By Tori Phelps
The country’s first underwater museum unites art lovers, dive enthusiasts, and marine conservationists.
When a destination is named to Time’s list of “World’s Greatest Places,” it’s an honor. When it is added to that list after only two months in existence, it’s nothing short of a recommendation to drop everything and Go. See. It.
The Underwater Museum of Art (UMA), a permanent sculpture exhibit located in the Gulf of Mexico off the coast of Santa Rosa Beach, Florida, opened just this summer. But it gained icon status almost immediately thanks to a Time designation that placed it among global marvels like Vietnam’s Golden Bridge and the Louvre Abu Dhabi.
The first museum of its kind in the United States—and one of only a handful on the planet—UMA was the brainchild of Florida artist and diver Allison Wickey. She had read about underwater sculpture pioneer Jason deCaires Taylor and his projects in Grenada and the Canary Islands. She was familiar, too, with the work of South Walton Artificial Reef Association (SWARA), which drops reefs along the coast to buoy the health of Gulf waters. Could we put sculptures into the water that become reefs? she wondered.
Since Wickey is also president of the Cultural Arts Alliance of Walton County (CAA), she brought the idea to the board, whose members gave it an immediate green light. Next up was convincing SWARA, with whom they knew they needed to partner. Admittedly a bit hesitant at first, SWARA founder and president Andy McAlexander questioned everything from the project’s sustainability to the potential interest in such an outside-the-box idea. But it wasn’t long before he caught the underwater museum bug, too.
Everyone involved in bringing UMA to fruition—a true group effort, Wickey stresses—was adamant about respecting the Gulf’s ecosystem when it came to sculpture materials. Those strict guidelines (clean concrete, aluminum, limestone, or stainless steel) could have discouraged artists, but CAA Executive Director Jennifer Steele says the number of submissions they received was beyond their expectations.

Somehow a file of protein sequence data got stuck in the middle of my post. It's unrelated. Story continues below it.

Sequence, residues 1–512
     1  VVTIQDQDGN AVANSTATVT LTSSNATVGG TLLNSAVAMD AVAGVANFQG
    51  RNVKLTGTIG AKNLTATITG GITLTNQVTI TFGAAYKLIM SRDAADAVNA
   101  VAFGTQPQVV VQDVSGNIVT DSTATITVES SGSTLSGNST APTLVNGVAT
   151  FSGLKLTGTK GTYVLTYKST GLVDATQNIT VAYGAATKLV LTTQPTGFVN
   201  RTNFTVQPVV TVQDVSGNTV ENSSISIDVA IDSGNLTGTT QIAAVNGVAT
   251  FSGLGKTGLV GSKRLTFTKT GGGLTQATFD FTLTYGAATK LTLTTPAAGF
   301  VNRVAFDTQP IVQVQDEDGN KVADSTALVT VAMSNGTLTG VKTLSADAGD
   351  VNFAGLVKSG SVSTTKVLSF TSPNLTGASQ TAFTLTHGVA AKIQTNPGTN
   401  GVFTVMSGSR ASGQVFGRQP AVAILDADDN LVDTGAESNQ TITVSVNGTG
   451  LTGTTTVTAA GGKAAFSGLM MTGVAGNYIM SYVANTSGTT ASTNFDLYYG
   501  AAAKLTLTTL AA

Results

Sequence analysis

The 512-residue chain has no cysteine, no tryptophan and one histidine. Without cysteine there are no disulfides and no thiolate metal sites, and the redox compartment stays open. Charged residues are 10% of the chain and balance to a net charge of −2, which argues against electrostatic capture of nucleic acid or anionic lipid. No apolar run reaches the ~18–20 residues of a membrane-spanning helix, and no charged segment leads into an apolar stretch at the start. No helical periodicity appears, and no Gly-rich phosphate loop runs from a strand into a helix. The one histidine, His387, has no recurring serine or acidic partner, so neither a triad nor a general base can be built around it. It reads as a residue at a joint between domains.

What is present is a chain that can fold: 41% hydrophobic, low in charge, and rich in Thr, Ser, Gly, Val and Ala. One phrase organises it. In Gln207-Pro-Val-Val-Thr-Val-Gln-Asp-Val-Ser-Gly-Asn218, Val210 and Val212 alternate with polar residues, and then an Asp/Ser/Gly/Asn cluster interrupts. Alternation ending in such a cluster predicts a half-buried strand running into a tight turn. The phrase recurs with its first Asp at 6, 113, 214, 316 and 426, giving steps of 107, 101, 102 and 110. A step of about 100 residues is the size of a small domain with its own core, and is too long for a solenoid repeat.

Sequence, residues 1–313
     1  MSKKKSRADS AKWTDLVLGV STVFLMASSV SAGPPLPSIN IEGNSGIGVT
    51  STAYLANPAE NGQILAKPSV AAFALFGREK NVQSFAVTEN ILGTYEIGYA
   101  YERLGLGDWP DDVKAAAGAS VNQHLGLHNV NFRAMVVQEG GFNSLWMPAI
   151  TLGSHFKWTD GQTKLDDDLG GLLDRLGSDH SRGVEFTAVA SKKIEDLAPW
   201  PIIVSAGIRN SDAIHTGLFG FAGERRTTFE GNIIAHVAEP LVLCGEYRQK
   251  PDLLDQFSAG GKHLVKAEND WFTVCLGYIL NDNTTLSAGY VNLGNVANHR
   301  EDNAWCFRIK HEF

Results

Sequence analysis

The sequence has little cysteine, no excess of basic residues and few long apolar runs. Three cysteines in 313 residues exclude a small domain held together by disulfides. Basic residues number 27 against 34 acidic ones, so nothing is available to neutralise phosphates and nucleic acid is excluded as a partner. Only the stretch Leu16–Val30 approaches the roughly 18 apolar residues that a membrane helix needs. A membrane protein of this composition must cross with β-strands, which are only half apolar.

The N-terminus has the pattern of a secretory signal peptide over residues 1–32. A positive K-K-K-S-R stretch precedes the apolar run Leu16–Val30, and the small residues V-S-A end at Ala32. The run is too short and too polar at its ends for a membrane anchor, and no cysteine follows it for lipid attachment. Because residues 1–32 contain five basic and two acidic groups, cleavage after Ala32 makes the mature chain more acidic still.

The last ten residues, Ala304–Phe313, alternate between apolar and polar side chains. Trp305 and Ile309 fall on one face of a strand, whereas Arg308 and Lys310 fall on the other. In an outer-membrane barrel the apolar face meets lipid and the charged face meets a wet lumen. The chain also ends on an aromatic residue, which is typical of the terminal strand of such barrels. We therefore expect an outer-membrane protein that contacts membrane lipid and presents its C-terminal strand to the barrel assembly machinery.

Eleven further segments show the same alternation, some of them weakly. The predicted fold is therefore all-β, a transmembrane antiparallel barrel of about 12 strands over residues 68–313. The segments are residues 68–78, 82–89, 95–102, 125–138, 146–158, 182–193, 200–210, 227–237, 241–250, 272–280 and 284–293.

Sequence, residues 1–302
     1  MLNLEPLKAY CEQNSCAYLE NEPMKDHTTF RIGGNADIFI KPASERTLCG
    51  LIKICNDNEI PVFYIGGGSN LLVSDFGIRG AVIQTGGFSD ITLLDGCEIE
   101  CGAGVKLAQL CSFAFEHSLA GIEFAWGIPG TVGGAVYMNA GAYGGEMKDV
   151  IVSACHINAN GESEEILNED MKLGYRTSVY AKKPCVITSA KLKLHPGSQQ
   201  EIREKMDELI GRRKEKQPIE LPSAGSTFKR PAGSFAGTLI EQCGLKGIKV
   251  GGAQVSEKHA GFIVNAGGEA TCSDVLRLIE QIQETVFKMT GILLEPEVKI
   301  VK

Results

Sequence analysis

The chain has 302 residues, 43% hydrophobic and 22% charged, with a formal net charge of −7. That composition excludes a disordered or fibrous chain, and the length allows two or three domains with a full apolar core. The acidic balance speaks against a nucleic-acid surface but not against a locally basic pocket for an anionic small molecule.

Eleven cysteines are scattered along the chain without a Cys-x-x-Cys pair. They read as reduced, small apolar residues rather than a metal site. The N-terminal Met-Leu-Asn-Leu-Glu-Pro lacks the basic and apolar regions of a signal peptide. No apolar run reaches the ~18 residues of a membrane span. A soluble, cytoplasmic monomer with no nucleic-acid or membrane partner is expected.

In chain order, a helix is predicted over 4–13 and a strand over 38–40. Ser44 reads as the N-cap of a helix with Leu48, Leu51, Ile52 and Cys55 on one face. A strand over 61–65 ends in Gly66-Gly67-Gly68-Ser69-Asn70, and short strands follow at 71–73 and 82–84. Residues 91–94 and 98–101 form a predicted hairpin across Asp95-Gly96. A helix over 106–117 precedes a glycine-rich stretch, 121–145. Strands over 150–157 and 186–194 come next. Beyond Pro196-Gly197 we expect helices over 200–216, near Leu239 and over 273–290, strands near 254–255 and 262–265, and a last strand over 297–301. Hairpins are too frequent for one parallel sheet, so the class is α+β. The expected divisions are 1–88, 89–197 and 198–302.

Ultimately, seven designs were chosen, including Wickey’s Anamorphous Octopus. An optical illusion based on intentional distortion, the concept combines her interests in octopi and murmuration (the phenomenon of thousands of starlings flying in an intricately coordinated pattern). The result is a bit of magic wherein every angle offers a new perspective.
Dallas artist Marek Anthony, who submitted plans for a piece called Propeller in Motion, was also chosen for the project. Drawing inspiration from the environment in which the art would be located, Anthony decided to create a ship’s propeller that captures the energy and movement of waves, with the hollow propellers suggesting the inside of a shell when viewed from above.
Other sculptures chosen for the first installation include Rachel Herring’s The Grayt Pineapple (so named for nearby Grayton Beach), Evelyn Tickle’s Concrete Rope Reef Spheres, Vince Tatum’s SWARA Skull, and Justin Gaffrey’s Self-Portrait.
The public got its first look at the pieces—on land, anyway—during a weeklong exhibition at Grand Boulevard Town Center in Miramar Beach, Florida. A high-profile launch party held in conjunction with the exhibition is where McAlexander fully grasped the power of UMA. “The number of people there who aren’t typically big reef supporters—and their willingness to support the project—was absolutely humbling,” says the SWARA president. “I was blown away by the impact this project was having on so many different people’s lives.”